Response: I do
not give legal advice, so do not construe this as advice governing any
particular situation . . . especially since I do not know the details of
whatever case you are asking about.
However, the Fifth Amendment privilege against
self-incrimination, which protects anyone from being compelled to give
testimony that incriminates them, does apply to grand jury
proceedings. The subpoena and the threat of criminal contempt
establish compulsion for the purposes of invoking the privilege, so
the witness can invoke the privilege and refuse to answer questions
posed by the grand jury and/or the prosecutor working with the grand
jury IF the answers to those questions would be incriminating. (The
Fifth Amendment does not create a right to remain silent, e.g., a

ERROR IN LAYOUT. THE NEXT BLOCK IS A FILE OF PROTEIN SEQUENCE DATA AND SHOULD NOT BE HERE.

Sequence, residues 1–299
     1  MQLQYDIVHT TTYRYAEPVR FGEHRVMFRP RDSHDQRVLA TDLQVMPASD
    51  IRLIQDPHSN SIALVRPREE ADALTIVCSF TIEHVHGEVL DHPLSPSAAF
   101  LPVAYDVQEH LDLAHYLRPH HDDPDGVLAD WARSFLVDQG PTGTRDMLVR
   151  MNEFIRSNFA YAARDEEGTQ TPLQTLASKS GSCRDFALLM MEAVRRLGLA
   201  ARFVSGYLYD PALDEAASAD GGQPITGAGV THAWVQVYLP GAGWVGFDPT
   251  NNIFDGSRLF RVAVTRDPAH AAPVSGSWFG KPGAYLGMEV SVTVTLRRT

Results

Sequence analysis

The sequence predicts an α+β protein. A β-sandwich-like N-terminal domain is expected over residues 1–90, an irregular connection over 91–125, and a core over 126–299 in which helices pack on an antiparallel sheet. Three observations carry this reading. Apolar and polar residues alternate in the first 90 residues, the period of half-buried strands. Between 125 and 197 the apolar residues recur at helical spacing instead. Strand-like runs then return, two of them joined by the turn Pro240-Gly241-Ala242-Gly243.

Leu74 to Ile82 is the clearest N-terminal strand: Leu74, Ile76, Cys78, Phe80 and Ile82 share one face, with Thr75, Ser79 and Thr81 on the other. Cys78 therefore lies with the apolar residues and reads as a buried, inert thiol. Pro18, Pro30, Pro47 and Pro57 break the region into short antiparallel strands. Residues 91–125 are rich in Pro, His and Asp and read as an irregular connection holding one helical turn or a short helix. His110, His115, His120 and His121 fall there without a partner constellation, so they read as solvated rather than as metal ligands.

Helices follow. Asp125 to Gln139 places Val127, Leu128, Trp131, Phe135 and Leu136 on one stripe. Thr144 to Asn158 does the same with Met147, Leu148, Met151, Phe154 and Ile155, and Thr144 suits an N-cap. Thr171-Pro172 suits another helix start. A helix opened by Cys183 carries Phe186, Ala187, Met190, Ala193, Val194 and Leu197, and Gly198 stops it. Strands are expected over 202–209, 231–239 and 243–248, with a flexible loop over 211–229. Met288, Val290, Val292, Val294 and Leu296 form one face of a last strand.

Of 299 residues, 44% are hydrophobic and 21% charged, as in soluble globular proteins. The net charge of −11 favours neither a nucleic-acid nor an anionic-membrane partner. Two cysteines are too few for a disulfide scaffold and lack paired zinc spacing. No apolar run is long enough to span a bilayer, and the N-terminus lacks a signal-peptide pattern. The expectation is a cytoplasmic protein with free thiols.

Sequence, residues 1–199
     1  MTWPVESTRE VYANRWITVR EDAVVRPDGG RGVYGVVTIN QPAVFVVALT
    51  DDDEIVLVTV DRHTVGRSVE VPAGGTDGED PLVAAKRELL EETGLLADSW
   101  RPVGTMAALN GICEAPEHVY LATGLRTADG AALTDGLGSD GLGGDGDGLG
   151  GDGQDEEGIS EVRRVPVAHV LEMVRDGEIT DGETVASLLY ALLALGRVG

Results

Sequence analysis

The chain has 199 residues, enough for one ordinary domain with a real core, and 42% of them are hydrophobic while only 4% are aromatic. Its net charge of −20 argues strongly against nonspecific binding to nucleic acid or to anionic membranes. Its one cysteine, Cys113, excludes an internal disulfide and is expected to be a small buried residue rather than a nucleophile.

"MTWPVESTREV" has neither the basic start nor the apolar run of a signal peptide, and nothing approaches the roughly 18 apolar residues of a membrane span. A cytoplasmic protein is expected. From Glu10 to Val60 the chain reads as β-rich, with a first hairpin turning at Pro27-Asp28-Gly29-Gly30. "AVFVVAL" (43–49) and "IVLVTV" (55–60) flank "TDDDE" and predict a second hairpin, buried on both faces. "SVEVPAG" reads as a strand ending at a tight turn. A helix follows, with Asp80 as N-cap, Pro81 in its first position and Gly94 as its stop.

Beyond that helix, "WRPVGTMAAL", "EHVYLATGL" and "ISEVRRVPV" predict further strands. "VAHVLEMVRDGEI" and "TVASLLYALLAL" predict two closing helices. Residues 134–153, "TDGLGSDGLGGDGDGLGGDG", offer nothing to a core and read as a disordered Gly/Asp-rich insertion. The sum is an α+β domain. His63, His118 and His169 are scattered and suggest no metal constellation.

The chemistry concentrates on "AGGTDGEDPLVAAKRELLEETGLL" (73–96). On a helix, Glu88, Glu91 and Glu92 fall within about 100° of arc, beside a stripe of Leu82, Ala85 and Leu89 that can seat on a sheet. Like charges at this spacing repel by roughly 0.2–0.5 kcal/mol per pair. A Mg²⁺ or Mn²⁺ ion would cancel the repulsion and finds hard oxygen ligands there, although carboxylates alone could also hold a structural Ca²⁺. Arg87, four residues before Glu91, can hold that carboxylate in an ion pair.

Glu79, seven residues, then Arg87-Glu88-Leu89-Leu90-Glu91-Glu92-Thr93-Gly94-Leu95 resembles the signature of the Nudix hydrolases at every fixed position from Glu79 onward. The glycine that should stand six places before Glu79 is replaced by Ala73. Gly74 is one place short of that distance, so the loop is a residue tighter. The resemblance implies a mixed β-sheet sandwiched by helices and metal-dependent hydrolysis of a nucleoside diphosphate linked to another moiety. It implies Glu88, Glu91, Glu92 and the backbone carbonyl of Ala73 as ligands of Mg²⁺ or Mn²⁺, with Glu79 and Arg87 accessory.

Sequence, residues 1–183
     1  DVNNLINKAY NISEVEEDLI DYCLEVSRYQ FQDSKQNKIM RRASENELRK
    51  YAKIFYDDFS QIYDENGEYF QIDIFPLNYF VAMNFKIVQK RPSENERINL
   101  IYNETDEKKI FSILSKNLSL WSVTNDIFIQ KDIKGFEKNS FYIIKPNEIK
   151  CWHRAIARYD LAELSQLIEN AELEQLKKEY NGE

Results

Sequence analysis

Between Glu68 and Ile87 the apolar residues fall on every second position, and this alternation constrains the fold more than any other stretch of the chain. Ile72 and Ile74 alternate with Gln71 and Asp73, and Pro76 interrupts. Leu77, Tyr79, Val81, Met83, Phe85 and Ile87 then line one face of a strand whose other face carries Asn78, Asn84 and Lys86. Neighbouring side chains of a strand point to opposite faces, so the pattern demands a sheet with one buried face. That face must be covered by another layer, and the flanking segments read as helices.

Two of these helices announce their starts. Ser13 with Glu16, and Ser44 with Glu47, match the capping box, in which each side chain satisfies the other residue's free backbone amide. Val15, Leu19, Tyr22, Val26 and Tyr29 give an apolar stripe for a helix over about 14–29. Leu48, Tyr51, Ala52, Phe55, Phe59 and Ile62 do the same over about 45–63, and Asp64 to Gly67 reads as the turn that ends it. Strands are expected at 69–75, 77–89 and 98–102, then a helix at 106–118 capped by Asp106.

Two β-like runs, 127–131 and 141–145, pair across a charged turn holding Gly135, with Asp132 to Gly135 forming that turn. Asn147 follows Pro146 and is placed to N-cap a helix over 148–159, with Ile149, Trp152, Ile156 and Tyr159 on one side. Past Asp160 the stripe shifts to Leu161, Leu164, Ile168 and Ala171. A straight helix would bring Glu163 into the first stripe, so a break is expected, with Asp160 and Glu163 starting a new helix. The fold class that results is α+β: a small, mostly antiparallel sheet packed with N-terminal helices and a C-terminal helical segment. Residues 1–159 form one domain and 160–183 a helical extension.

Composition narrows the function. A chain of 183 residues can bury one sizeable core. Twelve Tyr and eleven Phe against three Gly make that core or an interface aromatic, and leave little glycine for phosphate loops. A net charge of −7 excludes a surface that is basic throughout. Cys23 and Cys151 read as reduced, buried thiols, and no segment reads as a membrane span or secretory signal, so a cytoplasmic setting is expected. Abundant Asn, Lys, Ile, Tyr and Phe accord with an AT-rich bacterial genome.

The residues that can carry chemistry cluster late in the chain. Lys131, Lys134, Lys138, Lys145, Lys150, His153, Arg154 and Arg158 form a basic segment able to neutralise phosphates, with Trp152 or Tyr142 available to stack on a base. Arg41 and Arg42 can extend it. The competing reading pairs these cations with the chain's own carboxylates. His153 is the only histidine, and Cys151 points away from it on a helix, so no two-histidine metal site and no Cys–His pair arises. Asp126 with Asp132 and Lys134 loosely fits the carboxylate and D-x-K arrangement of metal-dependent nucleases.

right to refuse to answer any questions; it only protects someone from
having to answer incriminating questions.) To be incriminating, the
questions must require the person to give answers which provide
evidence that could be used to convict the witness of a crime. Answers
can do this either by providing direct evidence of a crime (e.g., "I
killed John Doe") or by providing information that becomes a link in
the chain of evidence that can be used to convict someone (e.g., the
witness mentions the name of someone and they are later used to
testify against the witness in a criminal proceeding).
But, even if someone can invoke their Fifth Amendment
privilege and refuse to answer questions that might incriminate them,
the prosecutor can override the privilege by giving the witness
immunity. An immunized witness cannot claim the privilege as to any
questions that fall under the scope of the immunity.
Hope this helps.